7 On the Move 7 Alumni Events >>>> Reunion Weekend 2002 Re-acquaintances, Reminiscences, and Recognition of Congressman Billy Tauzin Ask anyone Law Center Reunions 2002 were fantastic! Six classes gathered with classmates, spouses, and friends on Friday evening, October 18, 2002 to celebrate their graduation from the Law Center. Laughter and good times made all who attended look forward to their next class reunion. Prior to the Friday evening reunion parties, alumni participated in a Continuing Legal Education seminar at the LSU Law Center on Ethics and Professionalism. All alumni of the LSU Law Center were eligible to take these free CLE courses hosted by the Law Center s Center of Continuing Professional Development. Early Saturday morning, Congressman Billy Tauzin was honored as the Law Center s Distinguished Alumnus of the Year. Tauzin, a 1967 LSU law grad, was named Alumnus of the Year in recognition of his personal and professional achievements, loyalty to his alma mater, and fidelity to the highest ethical standards of the LSU Law Center. In accepting this honor, Tauzin stated: How important is the Law Center to this state? This is a very special institution. It preserves for us the civil law tradition. It produces a wealth of talent for our state. It is a very special asset for LSU and for our state. It makes a difference in all our lives. The Law Center was the wonderful place where I learned about the law. I am privileged now to work in a place where I have the opportunity to make the laws. I never dreamed I would be back at the Law Center being honored in this way. I accept this honor on behalf of my classmates, my friends, those who came before me, and those who have come after me at the Law Center. <<< Chancellor Costonis, Billy Tauzin, and Judge Randolph Parro. Class reunion activities included: Class of 1952, spearheaded by Tom F. Phillips, Gene W. Lafitte, and Arthur R. Carmody, Jr., gathered at Juban s Restaurant for cocktails and dinner with their spouses and friends. In honor of their 50th Reunion, each class member received a golden certificate and a gold LSU Law Center lapel pin Classmates Art Carmody and Judge John V. Parker and spouses pose for a photograph at Juban s. Class of 1962 was treated to a cocktail reception and party at City Club of Baton Rouge. The reunion committee consisted of James A. George, Robert A. Hawthorne, Jr,. Gerald LeVan, and the Honorable James L. Dennis. The group gathered together and swapped stories of the LSU Law Center and its professors in the 1960s. Dan Thomas, Don Sibley, and Judge James L. Dennis at the Baton Rouge City Club.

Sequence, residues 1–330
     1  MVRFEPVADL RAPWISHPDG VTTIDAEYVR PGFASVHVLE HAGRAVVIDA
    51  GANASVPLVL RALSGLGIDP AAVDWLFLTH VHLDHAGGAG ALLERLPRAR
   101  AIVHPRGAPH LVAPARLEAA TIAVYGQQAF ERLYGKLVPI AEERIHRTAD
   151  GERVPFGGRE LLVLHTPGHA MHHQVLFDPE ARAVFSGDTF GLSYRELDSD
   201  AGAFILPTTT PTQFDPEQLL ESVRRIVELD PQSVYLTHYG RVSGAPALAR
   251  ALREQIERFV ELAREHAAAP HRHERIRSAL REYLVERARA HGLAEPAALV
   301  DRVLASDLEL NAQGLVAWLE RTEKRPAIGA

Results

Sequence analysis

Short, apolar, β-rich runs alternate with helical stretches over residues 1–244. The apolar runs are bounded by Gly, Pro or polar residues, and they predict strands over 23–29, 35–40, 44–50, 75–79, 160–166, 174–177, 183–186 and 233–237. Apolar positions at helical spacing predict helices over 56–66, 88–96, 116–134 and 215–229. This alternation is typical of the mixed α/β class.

8 8 LSU PAUL M. HEBERT LAW CENTER NEWSLETTER Alumni Events >>>> Class of 1972 came together at the lovely home of Robert W. Fenet and wife Sally. The Fenets home was the perfect venue for the class to meet, reminisce, and share stories of their experiences in and after law school. The reunion committee, consisting of Robert W. Fenet, Whit McCrary Cook II, Stephen Glassell, Charles R. Moore, Robert G. Szabo, and M. Roy Fugler, were instrumental in assembling the group and encouraging their classmates to attend the reunion graduate Robert W. Fenet entertains classmates at the reunion held at his home. Class of 1977 gathered at Mike Anderson s Side Porch for cocktails and a fabulous seafood buffet. Reunion committee members Vincent P. Fornias, Larry S. Butler, Edward R. Grenlee, Charles A. Landry, Frederick J. Plaeger II, and Oliver G. Rick Richard III organized a tremendously successful reunion party. Bernard Duhon and Rick Plaeger share law school stories at the 77 reunion held at Mike Anderson s. Class of 1992 held its reunion party in the newly renovated Student Lounge area on the second floor of the Law Center. For most, it was the first time back to the Law Center in 10 years. The remodeled area was the perfect backdrop for a fabulous event. The reunion committee consisted of Tracy P. Curtis, Troy R. Keller, Stephen W. Mullins, Barry J. Rozas, Tammy D. Simien, and Jane M. Triche. Chip Lambert and Trent Grand at the 1992 reunion held in the newly renovated Student Lounge area on the second floor of the Law Center.